When I was appointed as my mother’s durable power of attorney, I immediately obtained the powers and rights to conduct all her financial affairs, as though my signature was as good as hers.
Executing a proper power of attorney is step one; step two involves making sure the institutions with which your loved one conducts business knows who you have been elected as POA and the document exists. In my mother’s case, these businesses included her place of employment, credit union, banks, mortgage company, car company, and more.
Health care proxy
I also joke with my clients that your health care proxy is more “right brained.” Choose someone you trust and with whom you can connect emotionally — someone who “gets you,” can feel for you, yet still carry out your wishes.
For instance, my mother did not want to be resuscitated if she became unresponsive or died. Being only 21 years old at the time, I questioned her decision, but soon realized that it was selfish of me to not respect her wishes should it come to that decision needing to be made.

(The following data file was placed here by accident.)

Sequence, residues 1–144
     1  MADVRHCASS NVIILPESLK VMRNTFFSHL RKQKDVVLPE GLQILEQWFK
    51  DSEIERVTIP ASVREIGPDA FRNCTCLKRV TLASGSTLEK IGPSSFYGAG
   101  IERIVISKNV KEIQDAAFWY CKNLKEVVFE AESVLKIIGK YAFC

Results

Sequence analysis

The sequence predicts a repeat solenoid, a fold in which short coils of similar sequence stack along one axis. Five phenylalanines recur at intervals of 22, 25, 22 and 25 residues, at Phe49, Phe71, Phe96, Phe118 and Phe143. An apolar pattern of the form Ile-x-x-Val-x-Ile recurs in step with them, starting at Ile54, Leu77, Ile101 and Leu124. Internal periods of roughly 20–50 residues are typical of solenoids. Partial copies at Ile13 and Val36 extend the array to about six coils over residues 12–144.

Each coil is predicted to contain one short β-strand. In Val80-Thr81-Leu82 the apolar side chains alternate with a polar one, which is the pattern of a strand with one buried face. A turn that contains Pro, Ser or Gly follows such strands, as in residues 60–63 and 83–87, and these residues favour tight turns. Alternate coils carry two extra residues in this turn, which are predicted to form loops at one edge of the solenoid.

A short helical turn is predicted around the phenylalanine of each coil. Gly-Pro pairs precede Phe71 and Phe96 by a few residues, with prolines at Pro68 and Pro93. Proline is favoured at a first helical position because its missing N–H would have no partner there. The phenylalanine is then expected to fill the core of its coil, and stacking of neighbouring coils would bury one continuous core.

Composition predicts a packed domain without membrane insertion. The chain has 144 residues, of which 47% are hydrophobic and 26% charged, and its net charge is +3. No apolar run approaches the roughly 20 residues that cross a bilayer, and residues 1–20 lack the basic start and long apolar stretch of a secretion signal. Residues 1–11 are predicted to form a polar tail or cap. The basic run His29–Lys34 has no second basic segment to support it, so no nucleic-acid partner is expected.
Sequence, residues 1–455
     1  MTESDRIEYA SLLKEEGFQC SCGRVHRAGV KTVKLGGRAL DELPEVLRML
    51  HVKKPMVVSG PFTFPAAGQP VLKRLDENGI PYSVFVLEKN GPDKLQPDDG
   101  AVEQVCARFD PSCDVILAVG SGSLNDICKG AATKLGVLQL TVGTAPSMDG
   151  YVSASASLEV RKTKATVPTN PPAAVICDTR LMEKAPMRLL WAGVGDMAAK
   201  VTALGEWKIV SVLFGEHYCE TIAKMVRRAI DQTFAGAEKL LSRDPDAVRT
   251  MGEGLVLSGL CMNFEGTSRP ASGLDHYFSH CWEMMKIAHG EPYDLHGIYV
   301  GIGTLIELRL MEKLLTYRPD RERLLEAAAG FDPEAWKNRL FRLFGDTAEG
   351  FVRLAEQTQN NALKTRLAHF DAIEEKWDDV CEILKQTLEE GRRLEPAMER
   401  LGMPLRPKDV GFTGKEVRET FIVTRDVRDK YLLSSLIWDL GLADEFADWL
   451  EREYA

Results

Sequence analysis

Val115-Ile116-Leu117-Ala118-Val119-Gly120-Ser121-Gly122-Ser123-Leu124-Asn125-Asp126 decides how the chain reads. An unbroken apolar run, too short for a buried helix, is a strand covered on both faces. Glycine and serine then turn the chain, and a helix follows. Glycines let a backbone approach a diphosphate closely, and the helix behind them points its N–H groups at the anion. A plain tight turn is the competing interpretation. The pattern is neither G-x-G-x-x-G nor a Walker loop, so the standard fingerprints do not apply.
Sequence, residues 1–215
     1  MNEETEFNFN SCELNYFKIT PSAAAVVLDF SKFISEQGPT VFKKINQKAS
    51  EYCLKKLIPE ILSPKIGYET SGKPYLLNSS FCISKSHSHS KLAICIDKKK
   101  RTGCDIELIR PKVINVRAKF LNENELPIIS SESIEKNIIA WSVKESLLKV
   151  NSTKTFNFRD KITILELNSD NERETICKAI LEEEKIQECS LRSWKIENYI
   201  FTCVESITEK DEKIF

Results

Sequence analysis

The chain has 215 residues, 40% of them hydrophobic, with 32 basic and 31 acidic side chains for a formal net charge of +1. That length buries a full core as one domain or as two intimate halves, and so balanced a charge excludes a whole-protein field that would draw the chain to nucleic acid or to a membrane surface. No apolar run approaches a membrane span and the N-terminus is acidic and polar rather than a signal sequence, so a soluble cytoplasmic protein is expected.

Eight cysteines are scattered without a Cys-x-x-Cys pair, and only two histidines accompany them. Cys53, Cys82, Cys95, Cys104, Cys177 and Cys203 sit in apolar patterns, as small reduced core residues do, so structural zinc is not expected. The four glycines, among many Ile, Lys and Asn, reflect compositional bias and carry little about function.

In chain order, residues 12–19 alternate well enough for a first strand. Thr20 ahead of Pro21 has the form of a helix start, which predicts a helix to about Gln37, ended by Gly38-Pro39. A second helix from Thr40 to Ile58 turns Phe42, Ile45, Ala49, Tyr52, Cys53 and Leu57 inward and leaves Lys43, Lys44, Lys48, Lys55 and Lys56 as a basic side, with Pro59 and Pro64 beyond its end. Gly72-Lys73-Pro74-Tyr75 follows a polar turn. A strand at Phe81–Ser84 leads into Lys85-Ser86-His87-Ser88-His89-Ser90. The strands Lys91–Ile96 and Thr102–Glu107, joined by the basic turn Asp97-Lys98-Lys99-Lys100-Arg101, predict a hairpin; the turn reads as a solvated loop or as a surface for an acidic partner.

I needed to put myself in her shoes, simply shut up, and accept what she wanted. Doing this allowed me to focus on and appreciate the time I had left with her. As her health care proxy, it was my responsibility to help her live her remaining months to the fullest, with dignity an according to her wishes.
In summary, it is important to make these decisions, and have conversations with the people you’ve appointed as your power of attorney or health care proxy soon after. Sometimes those appointed are learning of it for the first time when a crisis arises. So, make your elections wisely and be sure to inform those you appoint.
Peace of mind for you is knowing that you have appointed the “right” people to assist you during your time of need. Peace of mind for your family is their knowing you planned this out by design rather than by default. Be proactive!
Jarrett Felton is founder and managing director of Rochester-based Invessent Wealth Management.